Yes. You must have a COVIDSafe Plan in place, and the work space is subject to the density quotient, face mask and cleaning requirements as per other work settings. 

Home-based businesses no longer require a discrete work area in order to operate, subject to the restrictions of each industry. 

Face masks continue to be mandatory in some settings. For more information visit the Face masks

There are a number of lawful reasons to not wear a face mask. You must always carry a face mask with you when you leave home unless you have a lawful reason not to.

What type of face mask should I provide for workers who do not have their own?

When the work or task requires the use of specific types of face masks in the workplace, they must be provided by the employer. In all other circumstances, a fitted face mask that covers the nose and mouth should be provided.

A face mask with three layers is recommended by the Victorian Chief Health Officer.

Face masks continue to be mandatory in some settings. For more information visit the Face masks

There are a number of lawful reasons to not wear a face mask. You must always carry a face mask with you when you leave home unless you have a lawful reason not to.

Are COVIDSafe Plans required by all work premises? 

All employers across Victoria require a COVIDSafe Plan to operate on-site.

The only exceptions to this requirement are:

  • businesses with no on-site operations (i.e. the entire workforce is working from home)
  • certain transport sector work vehicles.

Vehicles used as a place of work, such as a food truck or a dental van, need to have a COVIDSafe Plan.

Employers that operate transport services with two or more vehicles in a fleet (for example rideshare, taxis and public transport) need to have a COVIDSafe Plan for their business, but not an individual plan for each vehicle in their fleet. If an employer only controls one commercial passenger vehicle, then it must have a COVIDSafe Plan for that vehicle.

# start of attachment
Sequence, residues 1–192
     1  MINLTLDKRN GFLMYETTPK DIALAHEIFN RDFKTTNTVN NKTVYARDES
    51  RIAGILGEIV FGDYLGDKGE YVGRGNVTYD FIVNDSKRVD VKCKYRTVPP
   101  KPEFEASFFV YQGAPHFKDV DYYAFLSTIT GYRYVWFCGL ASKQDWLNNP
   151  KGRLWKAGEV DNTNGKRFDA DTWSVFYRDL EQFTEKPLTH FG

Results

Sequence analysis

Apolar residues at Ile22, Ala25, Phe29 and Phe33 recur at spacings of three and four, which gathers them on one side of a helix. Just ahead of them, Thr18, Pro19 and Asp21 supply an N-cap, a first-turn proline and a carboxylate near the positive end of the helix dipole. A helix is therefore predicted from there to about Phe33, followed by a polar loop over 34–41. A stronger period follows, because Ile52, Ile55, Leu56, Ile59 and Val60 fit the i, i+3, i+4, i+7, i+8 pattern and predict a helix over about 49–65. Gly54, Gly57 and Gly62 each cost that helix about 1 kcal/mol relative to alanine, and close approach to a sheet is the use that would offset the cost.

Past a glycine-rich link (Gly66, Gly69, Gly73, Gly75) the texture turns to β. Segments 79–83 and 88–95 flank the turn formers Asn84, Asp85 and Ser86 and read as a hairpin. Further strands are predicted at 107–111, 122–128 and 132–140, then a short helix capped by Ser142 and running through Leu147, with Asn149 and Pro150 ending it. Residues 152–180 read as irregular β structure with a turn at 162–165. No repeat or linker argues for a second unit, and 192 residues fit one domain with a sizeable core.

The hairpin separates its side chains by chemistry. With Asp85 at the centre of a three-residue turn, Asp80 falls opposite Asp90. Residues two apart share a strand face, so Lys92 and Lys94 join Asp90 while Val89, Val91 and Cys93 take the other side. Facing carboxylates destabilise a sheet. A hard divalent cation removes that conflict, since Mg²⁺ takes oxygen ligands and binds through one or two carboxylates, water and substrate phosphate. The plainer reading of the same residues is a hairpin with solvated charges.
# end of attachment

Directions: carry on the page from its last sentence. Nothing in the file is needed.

For employers that do not provide transport services, to achieve physical distancing, numbers should be limited to one person per vehicle per trip, where possible. If this is not possible, workers should use both the back and front seats in order to maintain physical distancing. Workers are strongly recommended to wear a face mask if they are in the car with someone who is not a member of their household, unless they have a lawful reason not to.

Shared vehicles should be thoroughly cleaned after each passenger or driver.

For more information about cleaning and disinfecting to prevent the spread of COVID-19, visit Preventing infection in the workplace.

Do I need to submit my COVIDSafe Plan to the Victorian Government?

Your COVIDSafe Plan must be available for inspection on request. You do not need to submit your COVIDSafe Plan or have it endorsed by the Victorian Government. 

You must produce your COVIDSafe Plan upon request by WorkSafe or other relevant authorities.

What should a business consider when reviewing their COVIDSafe Plan?

There are two main considerations for employers when reviewing their COVIDSafe Plans for ongoing safe operation:

  • how their usual workplaces and operations are configured to ensure each worker has the necessary space (density quotient or patron limit) to perform their tasks
  • continuing to ensure workers work from home if they can.

A COVIDSafe Plan helps businesses to effectively apply the six principles of COVIDSafe workplaces:

  • ensure physical distancing of at least 1.5 metres
  • carry a face mask and wear it in mandatory settings
  • practise good hygiene
  • keep good records and act quickly if workers become unwell
  • avoid interactions in enclosed spaces
  • create workforce bubbles.

Who is enforcing COVIDSafe Settings restrictions?

Authorised officers are undertaking site inspections to ensure employers are operating with their COVIDSafe Plan and are complying with the Six principles of COVIDSafe workplaces.